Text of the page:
Transport Company Must Improve Forklift Safety at Over 100 Terminals

HR & Safety

For several years, OSHA inspections identified a disturbing pattern of forklift safety issues involving powered industrial trucks being used to move, handle, load, and unload freight in at least 11 Central Transport LLC shipping terminals in nine states.
Forklift use exposed employees to hazards that could cause crushing or struck-by injuries at multiple locations, including Central Transport’s Billerica, Mass., terminal.
In Connecticut, Central Transport operates facilities in Cheshire and East Windsor.
OSHA filed a complaint with the independent Occupational Safety and Health Review Commission in 2015, seeking an order to require Central Transport to remove damaged, defective, and unsafe forklifts and other powered industrial trucks from service at all the company’s locations.
Now, the department has secured a settlement agreement which commits the company to improving forklift safety at over 100 terminals in 26 states.
“These widespread, recurring hazards required a comprehensive solution,” says Dr. David Michaels, assistant secretary of labor for occupational safety and health.
“This settlement includes detailed steps and a timetable for Central Transport to systematically review, assess, and improve safety for its employees at all its locations that come under OSHA’s jurisdiction.

Safety cannot be addressed in a piecemeal fashion when employees are exposed to hazards at multiple company worksites.

“Other employers with hazards at multiple worksites should take heed of this settlement and recognize the value of implementing comprehensive and effective corrective action to protect the workers' life and limb.”
"We stated when we filed the complaint that safety cannot be addressed in a piecemeal fashion when employees are exposed to hazards at multiple company worksites,” says Michael Felsen, the department's regional solicitor of labor in Boston.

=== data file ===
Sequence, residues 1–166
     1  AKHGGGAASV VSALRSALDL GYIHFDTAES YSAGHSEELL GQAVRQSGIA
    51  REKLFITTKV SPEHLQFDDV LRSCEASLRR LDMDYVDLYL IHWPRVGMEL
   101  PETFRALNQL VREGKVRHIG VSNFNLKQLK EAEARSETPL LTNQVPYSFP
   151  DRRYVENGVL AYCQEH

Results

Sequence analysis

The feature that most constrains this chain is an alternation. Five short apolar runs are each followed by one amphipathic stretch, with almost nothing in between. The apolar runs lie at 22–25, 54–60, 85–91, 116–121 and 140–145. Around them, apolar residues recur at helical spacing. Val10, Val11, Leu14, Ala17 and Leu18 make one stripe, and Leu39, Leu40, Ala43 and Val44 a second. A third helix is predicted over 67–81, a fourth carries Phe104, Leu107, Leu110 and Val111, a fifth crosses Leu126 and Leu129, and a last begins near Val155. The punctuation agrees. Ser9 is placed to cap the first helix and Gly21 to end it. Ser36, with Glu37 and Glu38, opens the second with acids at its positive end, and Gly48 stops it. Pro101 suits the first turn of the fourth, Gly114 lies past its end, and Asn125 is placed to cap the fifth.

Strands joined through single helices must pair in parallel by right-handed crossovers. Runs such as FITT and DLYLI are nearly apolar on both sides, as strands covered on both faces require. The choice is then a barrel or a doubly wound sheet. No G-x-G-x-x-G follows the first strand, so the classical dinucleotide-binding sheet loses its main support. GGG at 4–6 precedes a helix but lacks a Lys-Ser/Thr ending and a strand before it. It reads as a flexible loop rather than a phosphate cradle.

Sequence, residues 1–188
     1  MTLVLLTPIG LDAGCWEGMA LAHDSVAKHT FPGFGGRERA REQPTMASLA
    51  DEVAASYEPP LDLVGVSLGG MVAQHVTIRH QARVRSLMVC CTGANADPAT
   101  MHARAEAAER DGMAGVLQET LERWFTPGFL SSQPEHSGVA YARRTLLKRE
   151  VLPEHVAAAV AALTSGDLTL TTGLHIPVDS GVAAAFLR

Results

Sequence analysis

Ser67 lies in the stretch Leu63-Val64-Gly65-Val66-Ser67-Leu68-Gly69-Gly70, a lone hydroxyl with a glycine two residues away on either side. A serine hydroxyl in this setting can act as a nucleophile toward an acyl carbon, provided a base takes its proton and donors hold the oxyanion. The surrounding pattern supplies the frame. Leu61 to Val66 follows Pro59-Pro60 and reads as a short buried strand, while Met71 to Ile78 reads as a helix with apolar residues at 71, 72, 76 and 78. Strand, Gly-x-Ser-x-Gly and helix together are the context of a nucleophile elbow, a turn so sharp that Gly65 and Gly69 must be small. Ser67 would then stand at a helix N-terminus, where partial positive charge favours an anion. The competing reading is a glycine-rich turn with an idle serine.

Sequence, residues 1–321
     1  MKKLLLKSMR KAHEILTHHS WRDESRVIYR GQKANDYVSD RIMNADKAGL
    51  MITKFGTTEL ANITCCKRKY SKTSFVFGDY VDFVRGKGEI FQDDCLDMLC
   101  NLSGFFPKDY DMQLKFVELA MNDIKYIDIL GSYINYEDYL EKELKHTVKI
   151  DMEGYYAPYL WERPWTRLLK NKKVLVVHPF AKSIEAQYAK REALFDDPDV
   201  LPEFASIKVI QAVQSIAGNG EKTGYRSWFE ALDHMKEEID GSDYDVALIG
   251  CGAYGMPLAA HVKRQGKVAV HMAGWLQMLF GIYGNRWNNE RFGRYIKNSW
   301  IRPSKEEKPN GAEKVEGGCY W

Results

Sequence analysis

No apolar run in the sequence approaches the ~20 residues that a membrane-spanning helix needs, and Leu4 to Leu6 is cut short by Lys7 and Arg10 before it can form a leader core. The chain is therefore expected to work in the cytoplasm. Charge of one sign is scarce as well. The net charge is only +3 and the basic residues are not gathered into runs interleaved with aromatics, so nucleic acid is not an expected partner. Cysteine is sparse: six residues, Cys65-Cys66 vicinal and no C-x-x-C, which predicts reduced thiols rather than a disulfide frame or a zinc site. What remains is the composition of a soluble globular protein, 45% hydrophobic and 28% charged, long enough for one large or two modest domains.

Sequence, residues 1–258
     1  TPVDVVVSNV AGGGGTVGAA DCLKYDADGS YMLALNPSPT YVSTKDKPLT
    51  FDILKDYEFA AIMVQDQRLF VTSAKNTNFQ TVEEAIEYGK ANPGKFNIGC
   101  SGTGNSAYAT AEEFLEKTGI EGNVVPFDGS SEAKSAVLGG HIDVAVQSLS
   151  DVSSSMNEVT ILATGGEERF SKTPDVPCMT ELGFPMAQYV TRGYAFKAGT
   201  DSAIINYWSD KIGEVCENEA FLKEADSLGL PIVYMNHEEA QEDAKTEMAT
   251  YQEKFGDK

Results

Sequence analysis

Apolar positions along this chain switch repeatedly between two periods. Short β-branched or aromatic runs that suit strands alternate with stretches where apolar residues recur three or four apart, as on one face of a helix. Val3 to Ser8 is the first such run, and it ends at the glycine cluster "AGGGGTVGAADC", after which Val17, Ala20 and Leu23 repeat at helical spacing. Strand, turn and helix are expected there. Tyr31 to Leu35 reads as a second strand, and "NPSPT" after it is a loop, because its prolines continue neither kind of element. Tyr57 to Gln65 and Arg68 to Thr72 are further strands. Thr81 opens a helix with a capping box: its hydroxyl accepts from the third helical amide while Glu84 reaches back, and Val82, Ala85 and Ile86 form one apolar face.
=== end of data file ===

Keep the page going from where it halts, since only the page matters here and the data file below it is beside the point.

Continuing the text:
“With this settlement, Central Transport has committed to taking proactive, ongoing, and effective action to identify and eliminate these hazards and improve safety for its workers across the country."

What the Company Must Do

The agreement requires Central Transport to hire an independent third-party monitor to evaluate, update, and improve the company's existing procedures for preventive maintenance repairs, operator inspections, and safe operation of powered industrial trucks.
Central Transport must also:

  • Assign a corporate internal monitor to facilitate effective implementation of the settlement agreement and conduct random, unannounced visits of at least 20 terminals. The company must then work with the third-party monitor to prepare and submit reports for each terminal assessed.
  • Work with the third-party monitor to assess and monitor compliance with the agreement and seek feedback from employees. This will include unannounced monitoring visits of at least 10 terminals by the third-party monitor, including two terminals assessed by the internal monitor.
  • Submit written compliance reports to OSHA and allow OSHA to conduct monitoring inspections to measure compliance.
  • Remove any damaged, defective, and unsafe powered industrial trucks from service.
  • Pay a total of $165,400 in penalties.

The settlement covers Central Transport terminals in Alabama, Arkansas, Colorado, Connecticut, Delaware, Florida, Georgia, Illinois, Kansas, Louisiana, Maine, Massachusetts, Mississippi, Missouri, Nebraska, New Jersey, New York, North Dakota, Ohio, Oklahoma, Pennsylvania, Rhode Island, South Dakota, Texas, West Virginia, and Wisconsin.
OSHA will notify those states that have assumed authority for enforcing OSHA standards in which Central Transport has terminals and encourage them to honor or agree to the terms of this settlement.

Register now for CBIA's Powered Industrial Truck Train-the-Trainer workshop, Thursday, May 4, 2017, in Windsor.


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